By placing itself from the very first minutes under the aegis of “Blade Runner” – at night, a man walks in a gloomy futuristic city in the rain -, the new creation taken from the universe “Star Wars” sends a first message to spectators and fans. We must take this new principality of“Andor” seriously and in the cosmogony created by George Lucas bringing it closer to the brilliant spaghetti westerns of “The Mandalorian” and “The Book of Boba Fett” rather than recent and winded “Obi-Wan Kenobi”. For this series, Disney + has chosen to reverse the Manichean universe to which decades of interstellar battles have accustomed us. In a word, the shallows rather than the sky, secondary characters rather than Jedi knights, planets unknown to the profane rather than the sand of Tatouine…
Following the origins of Cassian Andor, a lowly Alliance intelligence officer seen in “Rogue One”, one of the films of the saga, we are going to explore behind the scenes of the fight between the rebels and the Empire, a world of small hands without means, far from everything, that is to say the resistance in what it has more destitute and more desperate. The four episodes that we were able to watch therefore take their time and risk taking some fans backwards: no or few fights, no lightsaber, no evil figure and not even the enigmatic charm of a helmeted Mandolarian.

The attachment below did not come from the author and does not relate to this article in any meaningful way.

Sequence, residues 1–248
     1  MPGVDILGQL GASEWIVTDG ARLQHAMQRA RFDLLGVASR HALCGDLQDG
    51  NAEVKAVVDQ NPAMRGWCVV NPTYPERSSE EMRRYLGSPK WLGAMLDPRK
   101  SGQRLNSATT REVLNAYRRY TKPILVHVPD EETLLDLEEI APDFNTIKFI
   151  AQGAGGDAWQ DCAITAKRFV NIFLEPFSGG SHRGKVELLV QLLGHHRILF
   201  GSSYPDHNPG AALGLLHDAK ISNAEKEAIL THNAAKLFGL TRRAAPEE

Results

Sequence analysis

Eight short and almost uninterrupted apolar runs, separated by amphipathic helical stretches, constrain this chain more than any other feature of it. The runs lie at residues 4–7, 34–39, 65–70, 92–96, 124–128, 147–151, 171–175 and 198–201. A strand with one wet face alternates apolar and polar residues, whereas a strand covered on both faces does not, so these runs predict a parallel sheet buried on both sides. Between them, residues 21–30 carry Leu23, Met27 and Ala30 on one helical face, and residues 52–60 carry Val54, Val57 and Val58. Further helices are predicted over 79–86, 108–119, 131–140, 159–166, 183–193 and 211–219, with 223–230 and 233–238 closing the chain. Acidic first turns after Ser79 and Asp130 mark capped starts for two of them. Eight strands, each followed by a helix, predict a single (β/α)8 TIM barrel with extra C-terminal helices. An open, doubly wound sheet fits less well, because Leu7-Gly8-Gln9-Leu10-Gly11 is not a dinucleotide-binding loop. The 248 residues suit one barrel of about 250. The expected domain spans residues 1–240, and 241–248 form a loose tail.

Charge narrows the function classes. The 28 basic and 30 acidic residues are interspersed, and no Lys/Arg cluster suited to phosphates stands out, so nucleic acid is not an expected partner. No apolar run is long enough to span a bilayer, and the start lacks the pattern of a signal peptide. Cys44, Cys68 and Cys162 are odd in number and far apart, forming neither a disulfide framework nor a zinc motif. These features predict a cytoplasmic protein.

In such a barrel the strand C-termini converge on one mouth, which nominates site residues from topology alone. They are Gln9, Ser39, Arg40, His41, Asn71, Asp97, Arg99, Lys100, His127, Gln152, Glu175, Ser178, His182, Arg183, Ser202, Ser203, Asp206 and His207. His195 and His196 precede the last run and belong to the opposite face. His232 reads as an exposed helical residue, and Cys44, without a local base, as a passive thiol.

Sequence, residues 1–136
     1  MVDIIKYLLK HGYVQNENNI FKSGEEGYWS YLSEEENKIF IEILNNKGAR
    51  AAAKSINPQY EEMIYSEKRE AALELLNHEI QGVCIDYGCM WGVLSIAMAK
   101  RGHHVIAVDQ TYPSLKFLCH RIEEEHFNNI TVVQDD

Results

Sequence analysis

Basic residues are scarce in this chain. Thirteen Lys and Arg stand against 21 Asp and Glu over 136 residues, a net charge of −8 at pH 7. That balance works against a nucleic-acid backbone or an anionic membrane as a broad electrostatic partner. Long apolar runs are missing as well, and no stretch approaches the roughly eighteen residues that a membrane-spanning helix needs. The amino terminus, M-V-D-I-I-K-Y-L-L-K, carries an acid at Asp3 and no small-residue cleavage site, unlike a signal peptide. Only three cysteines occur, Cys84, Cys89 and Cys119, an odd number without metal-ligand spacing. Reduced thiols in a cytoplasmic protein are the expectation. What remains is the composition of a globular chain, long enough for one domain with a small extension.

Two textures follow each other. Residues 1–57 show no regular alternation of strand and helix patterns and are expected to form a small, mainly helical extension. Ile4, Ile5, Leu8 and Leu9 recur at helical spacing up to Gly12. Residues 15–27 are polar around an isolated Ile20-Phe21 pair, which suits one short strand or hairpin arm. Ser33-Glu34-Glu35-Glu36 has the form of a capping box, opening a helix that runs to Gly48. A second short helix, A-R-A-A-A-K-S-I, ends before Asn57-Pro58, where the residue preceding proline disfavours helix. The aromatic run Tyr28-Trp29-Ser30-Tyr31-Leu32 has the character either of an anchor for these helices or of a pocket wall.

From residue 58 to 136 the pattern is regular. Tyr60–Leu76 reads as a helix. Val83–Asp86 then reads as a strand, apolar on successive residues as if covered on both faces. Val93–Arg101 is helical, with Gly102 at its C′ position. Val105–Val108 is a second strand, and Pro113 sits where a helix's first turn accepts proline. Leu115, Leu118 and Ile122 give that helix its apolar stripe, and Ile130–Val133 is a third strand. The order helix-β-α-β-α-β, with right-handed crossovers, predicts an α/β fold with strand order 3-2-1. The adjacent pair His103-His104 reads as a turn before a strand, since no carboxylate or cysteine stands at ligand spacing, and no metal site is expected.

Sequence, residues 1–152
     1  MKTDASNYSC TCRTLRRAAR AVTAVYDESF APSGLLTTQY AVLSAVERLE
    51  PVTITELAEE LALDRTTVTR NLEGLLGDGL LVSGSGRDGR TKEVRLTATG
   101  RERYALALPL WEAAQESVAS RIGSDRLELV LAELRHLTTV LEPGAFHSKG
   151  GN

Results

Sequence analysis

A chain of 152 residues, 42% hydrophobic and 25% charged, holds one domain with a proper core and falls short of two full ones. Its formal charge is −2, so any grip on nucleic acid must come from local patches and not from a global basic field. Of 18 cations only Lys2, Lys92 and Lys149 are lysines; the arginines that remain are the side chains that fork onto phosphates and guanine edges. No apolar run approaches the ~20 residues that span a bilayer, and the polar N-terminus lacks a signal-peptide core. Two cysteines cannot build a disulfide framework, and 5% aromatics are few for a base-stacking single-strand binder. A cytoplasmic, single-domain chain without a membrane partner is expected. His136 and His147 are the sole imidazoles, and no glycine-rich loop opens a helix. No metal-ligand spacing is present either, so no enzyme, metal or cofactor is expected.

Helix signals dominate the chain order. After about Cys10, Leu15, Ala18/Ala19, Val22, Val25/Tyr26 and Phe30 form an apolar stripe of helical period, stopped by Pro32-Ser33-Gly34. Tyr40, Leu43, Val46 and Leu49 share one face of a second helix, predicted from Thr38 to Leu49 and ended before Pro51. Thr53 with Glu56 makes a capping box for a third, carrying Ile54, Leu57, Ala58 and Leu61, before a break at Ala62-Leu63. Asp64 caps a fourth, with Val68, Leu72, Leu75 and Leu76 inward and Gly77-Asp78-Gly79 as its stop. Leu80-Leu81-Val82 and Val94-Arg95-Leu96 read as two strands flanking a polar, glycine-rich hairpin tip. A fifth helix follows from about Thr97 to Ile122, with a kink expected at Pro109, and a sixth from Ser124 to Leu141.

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On the contrary, we discover an antihero (Diego Luna) overwhelmed by events, looter of wrecks killing almost in spite of himself two auxiliaries of the Empire and seeking to escape the consequences of his gesture. The decor is well worth the detour, we stroll through the alleys of an industrious city with very strong steampunk accents, in a beautiful green valley that we would swear escaped from Scotland, in an apartment and an art gallery in Conuscant, the luxurious capital of this galaxy, or in agonizing immaculate corridors where the executives of the Empire shoot each other in the legs.
Rather than the arrival of the talkative Stellan Skarsgård, the only real star of the cast, we retain an attractive gallery of supporting roles including Kyle Soller, an overzealous Empire subcontractor and his colleague Alex Ferns, Alex Lawther, actor revealed in the late Netflix series, “The End of the F…ing World”. Behind this successful start to a season of twelve episodes, the viewer will not be surprised to find a few names of veterans who have already impressed in the past: showrunner Tony Gilroy staged the instructive lawyers’ film in 2007 “Michael Clayton” and co-wrote “Rogue One” – an underrated film in the saga “Star Wars” –his brother Dan, here co-screenwriter, had made the excellent thriller “Nightcrawler” in 2014, and before directing five episodes of “Andor”, Toby Haynes had directed an astonishing SF episode of the series “BlackMirror”. Finally, at the end of the season, we will be able to reconnect with the talent of Beau Willimon, the gifted creator of “House of Cards” who had disappeared from the radar.
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So Disney+ has, it seems, taken the opposite side of Prime Video and HBO in recent launches. “Rings of Power” and of “House of the Dragons” : play small by cultivating veracity and the art of detail by putting experienced designers at the helm rather than trying to wow the gallery with third-tier workers. So far, despite a failed fight scene, the bet has paid off. At the speed at which the series are born (almost twenty for the month of September alone) and die in recent times, that’s already a lot.